He said: “At the moment, I can’t do anything for myself. My fiancée Claire has had to do all the cooking, cleaning and so on and has even had to cut up my food for me. At least I’ve had her company since my op but she is a primary school teacher and will be going back to work next week so I’m going to be stuck in the house fending for myself for the next two-and-a-half weeks.”
Laidlaw knows returning to full fitness is going to be a long and testing process but he is determined to follow the rehabilitation programme which his surgeon and club physios will devise for him.
He said: “After the sling comes off, it will be a case of trying to get good strength and movement back into my shoulder. It will come back in time, but it’s going to be a difficult period and will take a few months.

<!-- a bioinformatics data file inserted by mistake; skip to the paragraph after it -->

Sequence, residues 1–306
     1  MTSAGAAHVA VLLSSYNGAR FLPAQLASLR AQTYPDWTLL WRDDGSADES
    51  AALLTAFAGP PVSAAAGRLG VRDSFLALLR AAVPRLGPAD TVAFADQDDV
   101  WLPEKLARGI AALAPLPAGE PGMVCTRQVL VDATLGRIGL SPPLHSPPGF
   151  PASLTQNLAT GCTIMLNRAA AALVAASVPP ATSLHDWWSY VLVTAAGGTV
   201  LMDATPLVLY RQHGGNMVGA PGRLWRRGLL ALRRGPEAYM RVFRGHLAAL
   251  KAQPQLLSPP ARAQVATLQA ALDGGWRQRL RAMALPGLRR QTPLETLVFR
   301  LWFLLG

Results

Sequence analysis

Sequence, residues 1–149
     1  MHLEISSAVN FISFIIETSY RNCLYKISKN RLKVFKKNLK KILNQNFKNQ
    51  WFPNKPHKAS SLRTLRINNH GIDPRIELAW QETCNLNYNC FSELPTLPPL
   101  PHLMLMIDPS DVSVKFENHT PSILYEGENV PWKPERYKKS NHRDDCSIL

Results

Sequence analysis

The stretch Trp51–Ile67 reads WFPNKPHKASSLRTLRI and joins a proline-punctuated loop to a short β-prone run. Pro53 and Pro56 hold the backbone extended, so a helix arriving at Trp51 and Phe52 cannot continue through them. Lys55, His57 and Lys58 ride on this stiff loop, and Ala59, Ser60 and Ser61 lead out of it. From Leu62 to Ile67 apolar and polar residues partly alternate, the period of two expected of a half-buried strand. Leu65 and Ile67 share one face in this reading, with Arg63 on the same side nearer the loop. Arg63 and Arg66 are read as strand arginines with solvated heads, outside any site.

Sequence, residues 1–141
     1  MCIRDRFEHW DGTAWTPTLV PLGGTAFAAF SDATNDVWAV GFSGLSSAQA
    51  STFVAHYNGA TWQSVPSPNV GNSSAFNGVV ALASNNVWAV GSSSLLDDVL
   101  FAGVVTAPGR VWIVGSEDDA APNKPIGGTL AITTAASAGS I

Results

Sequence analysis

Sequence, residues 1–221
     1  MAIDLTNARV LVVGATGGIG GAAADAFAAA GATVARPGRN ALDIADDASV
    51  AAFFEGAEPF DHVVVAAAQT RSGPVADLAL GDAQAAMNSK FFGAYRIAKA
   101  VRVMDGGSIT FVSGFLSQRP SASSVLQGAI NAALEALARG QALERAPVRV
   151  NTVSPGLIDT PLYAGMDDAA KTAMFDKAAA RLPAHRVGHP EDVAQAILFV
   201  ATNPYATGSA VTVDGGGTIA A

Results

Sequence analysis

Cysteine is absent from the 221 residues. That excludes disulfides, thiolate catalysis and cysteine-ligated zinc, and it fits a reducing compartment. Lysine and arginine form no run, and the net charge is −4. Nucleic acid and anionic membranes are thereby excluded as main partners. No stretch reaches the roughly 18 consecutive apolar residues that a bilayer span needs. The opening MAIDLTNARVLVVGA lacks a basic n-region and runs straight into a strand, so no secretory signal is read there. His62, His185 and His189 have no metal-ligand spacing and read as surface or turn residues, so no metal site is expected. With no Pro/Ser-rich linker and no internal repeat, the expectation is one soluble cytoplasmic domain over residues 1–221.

“Obviously as a goalkeeper, I need to be able to get my arms up above my head so it’s a matter of working away and making sure I get a good range of movement back. I’m going to have to be patient and try not to force things although I think the temptation for any player facing a long time out is to believe you can always get back quicker than the experts are telling you.
“When I heard I needed surgery I was just desperate to get the operation done and now I am desperate to get back training. But the surgeon told me that it will be four months at least so that takes me to the end of April which really means my season is finished.
“I won’t, of course, be going with to Portugal this weekend with the rest of the boys but hopefully when they come back I’ll be in the position to start my rehabilitation.